“On mobile, we won. There’s just no other way to put it,” said Fabrizio Capobianco, president and co-founder of Funambol at the Open Source Business Conference (OSBC) 2012 here. Funambol is a provider of open-source software to sync data from a variety of end-point devices running any number of operating systems.
The conference covered open-source developments in some of the fastest-growing markets in IT, namely big data, cloud computing and mobile. On May 21, Microsoft and SUSE jointly announced at the conference a product that integrates SUSE Manager and Microsoft’s System Center to enable concurrent management of Linux and Windows server environments.
Increasingly, enterprises are investing in mobile technology because workers are demanding it so that they can stay connected with colleagues, customers and partners wherever they are.
Capobianco traced the history of open-source mobile technology over the last decade and cited recently released Gartner research that shows the Google Android OS captured 56.1 percent of the global smartphone market in the first quarter of 2012, up from 36.4 percent in the first quarter of 2011. It was followed by Apple’s proprietary iOS platform with a 23 percent share, the open-source Symbian OS from Nokia at 8.6 percent and the proprietary BlackBerry OS from Research In Motion at 6.9 percent.
Android was the product of a startup in 2003 that was acquired by Google in 2005. Google released Android as open source in 2007, and the first Android-based smartphones went on sale in 2008.
“The reason why open source wins is the quality,” Capobianco said. “Open source will apply to mobile better than in any market we have ever seen because mobile is complex and complexity is where open source thrives.”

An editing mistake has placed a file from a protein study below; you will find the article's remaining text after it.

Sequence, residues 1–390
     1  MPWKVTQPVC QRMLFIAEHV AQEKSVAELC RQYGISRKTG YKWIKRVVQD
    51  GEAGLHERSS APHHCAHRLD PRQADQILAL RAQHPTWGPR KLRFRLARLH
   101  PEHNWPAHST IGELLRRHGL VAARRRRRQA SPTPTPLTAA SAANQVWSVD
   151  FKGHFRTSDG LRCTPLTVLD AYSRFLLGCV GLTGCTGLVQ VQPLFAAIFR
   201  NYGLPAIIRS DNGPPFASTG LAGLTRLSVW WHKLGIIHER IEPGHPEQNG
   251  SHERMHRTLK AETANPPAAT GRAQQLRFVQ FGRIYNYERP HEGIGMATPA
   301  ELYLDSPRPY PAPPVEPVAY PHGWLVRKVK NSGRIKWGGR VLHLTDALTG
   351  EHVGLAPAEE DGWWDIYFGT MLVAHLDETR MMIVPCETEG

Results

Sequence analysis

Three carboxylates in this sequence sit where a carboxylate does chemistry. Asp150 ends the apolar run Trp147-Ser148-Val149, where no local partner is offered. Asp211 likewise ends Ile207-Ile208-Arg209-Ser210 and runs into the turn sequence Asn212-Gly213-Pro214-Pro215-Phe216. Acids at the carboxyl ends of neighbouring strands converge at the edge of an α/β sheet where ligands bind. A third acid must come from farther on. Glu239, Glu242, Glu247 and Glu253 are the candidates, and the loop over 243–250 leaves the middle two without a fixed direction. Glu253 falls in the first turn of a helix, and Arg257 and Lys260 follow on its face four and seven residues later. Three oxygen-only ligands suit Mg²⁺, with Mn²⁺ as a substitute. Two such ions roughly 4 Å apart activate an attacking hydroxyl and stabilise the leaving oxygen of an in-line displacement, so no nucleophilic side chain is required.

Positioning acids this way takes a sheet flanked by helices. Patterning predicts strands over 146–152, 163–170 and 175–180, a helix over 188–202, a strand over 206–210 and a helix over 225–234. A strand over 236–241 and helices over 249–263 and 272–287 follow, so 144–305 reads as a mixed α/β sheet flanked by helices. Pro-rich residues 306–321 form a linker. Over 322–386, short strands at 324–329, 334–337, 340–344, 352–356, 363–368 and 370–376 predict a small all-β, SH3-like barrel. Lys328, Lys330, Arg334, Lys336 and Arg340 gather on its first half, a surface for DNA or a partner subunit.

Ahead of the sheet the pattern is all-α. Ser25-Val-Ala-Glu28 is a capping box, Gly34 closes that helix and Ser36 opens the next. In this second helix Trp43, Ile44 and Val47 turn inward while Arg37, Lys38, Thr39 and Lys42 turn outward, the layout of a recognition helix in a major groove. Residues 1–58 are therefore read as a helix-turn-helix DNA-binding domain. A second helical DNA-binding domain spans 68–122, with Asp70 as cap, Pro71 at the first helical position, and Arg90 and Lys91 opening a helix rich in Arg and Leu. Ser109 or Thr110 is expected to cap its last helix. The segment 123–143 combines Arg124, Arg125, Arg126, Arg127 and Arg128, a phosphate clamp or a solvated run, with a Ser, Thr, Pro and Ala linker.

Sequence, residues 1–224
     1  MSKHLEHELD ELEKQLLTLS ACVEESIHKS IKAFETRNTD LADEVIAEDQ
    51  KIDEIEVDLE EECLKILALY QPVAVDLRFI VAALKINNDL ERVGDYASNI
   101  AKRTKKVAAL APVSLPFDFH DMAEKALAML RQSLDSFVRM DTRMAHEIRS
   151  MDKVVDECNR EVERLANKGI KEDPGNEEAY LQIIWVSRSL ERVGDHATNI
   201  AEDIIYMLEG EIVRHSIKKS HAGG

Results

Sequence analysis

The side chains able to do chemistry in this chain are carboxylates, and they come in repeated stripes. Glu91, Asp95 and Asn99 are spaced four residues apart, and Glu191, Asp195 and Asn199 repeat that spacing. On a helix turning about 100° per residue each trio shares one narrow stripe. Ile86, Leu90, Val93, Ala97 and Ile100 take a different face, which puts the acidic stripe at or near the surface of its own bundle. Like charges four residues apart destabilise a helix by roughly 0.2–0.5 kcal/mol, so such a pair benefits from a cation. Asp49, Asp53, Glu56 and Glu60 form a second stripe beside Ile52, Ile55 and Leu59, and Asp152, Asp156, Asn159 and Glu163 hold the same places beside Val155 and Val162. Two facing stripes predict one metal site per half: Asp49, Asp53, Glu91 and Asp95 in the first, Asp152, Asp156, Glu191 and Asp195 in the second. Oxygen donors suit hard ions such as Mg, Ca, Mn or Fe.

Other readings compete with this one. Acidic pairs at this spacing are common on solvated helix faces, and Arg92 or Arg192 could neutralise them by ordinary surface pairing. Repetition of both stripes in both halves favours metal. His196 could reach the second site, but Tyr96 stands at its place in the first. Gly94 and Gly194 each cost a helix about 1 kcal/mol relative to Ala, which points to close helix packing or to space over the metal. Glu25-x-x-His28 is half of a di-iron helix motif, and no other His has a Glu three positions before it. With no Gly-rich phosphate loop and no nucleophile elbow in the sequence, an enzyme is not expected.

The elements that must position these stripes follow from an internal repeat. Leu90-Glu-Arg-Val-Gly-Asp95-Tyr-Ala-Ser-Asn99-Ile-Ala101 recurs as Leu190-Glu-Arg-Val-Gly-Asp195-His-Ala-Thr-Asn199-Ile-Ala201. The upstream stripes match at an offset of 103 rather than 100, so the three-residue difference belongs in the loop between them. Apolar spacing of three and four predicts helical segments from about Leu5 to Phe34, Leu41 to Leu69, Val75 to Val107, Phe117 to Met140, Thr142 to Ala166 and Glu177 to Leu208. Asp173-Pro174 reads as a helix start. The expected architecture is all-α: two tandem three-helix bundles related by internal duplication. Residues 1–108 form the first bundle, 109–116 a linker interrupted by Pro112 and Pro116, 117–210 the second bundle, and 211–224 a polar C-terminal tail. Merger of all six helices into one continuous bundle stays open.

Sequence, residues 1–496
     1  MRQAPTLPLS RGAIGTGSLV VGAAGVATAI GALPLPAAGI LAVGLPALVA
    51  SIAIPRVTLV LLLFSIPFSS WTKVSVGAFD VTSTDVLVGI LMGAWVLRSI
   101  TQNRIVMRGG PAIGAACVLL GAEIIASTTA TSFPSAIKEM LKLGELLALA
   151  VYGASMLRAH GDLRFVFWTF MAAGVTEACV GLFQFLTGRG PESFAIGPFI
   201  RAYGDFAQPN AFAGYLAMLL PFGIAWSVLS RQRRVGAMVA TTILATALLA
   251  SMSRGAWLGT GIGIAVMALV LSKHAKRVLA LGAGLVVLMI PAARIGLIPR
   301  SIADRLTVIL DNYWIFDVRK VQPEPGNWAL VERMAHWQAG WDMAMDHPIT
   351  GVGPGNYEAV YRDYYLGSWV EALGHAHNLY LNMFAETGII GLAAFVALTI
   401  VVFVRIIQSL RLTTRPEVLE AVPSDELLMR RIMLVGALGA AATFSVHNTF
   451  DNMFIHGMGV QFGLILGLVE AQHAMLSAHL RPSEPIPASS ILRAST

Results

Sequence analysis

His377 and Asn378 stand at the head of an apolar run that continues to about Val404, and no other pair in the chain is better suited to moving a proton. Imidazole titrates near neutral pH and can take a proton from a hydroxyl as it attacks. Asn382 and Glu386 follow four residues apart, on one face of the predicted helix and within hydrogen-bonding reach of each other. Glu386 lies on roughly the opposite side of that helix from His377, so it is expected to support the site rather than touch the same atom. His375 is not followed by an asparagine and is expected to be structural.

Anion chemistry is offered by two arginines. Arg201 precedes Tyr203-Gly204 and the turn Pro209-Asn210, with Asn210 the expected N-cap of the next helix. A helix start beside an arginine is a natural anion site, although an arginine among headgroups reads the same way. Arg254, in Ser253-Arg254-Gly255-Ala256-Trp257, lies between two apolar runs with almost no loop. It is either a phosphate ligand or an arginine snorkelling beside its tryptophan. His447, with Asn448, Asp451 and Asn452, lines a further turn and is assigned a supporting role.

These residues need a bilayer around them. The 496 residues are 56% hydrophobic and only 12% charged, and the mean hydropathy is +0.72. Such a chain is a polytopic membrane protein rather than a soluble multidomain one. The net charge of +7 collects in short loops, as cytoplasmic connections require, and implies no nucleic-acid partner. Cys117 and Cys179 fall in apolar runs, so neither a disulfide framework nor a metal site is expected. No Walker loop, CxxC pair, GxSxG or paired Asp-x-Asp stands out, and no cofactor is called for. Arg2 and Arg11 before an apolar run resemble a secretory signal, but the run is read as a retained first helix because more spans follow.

The complexity stems in part from the wide variation in the design and capabilities of mobile devices, particularly smartphones and tablets, as well as the differences in the capabilities of carrier networks worldwide, he said.
The belief in the quality of open source was revealed in a survey of vendors and nonvendors that was released by OSBC at the conference. It listed quality as one of the top three advantages of using open source, along with lower costs and freedom from vendor lock-in with a proprietary product. It used to be that quality was cited as a risk factor in arguments against going open source.
“Obviously, we’ve seen the maturity of projects, but also people are much more trusting of the open-source development model and that it can produce good code because they’ve seen that it produces good code,” Matt Aslett, a research manager in the data management and data analytics space at 451 Research Group, said in an interview at the OSBC.
Capobianco cited other examples of mobile operating systems that started out as proprietary but converted to open source. Nokia released its Symbian operating system as open source in 2008, and Hewlett-Packard open-sourced in 2011 the webOS mobile platform that it acquired with its buyout of Palm a year earlier. Those two OSes didn’t fare too well, however, as Nokia announced in 2011 that it was abandoning Symbian in favor of using Microsoft’s Windows Phone 7 OS in its products going forward. Then HP withdrew from the smartphone and tablet markets altogether that same year, though it will still develop the operating system for use in other devices.
Also important to open-source mobile development was the decision by Sun Microsystems in 2006 to open source its Java programming language, opening the door for developers to create mobile applications using a variation of Java called Java ME (for Mobile Edition).
To be sure, Capobianco had to give a tip of the hat to Apple, which released the iPhone in 2007. While iOS is proprietary, iPhone stimulated the mobile application industry in a way previous mobile platforms had not. In retrospect, everything in mobile history before June 29, 2007, when the iPhone first went on sale, was “pre-iPhone” and everything since is “post-iPhone,” he said.
At the time, however, Apple faced criticism from the Free Software Foundation for the closed and restricted design of the iPhone.
While wildly popular with customers and immensely profitable for Apple, iOS penetration still pales in contrast to the overall market share of Android on mobile devices, Capobianco noted.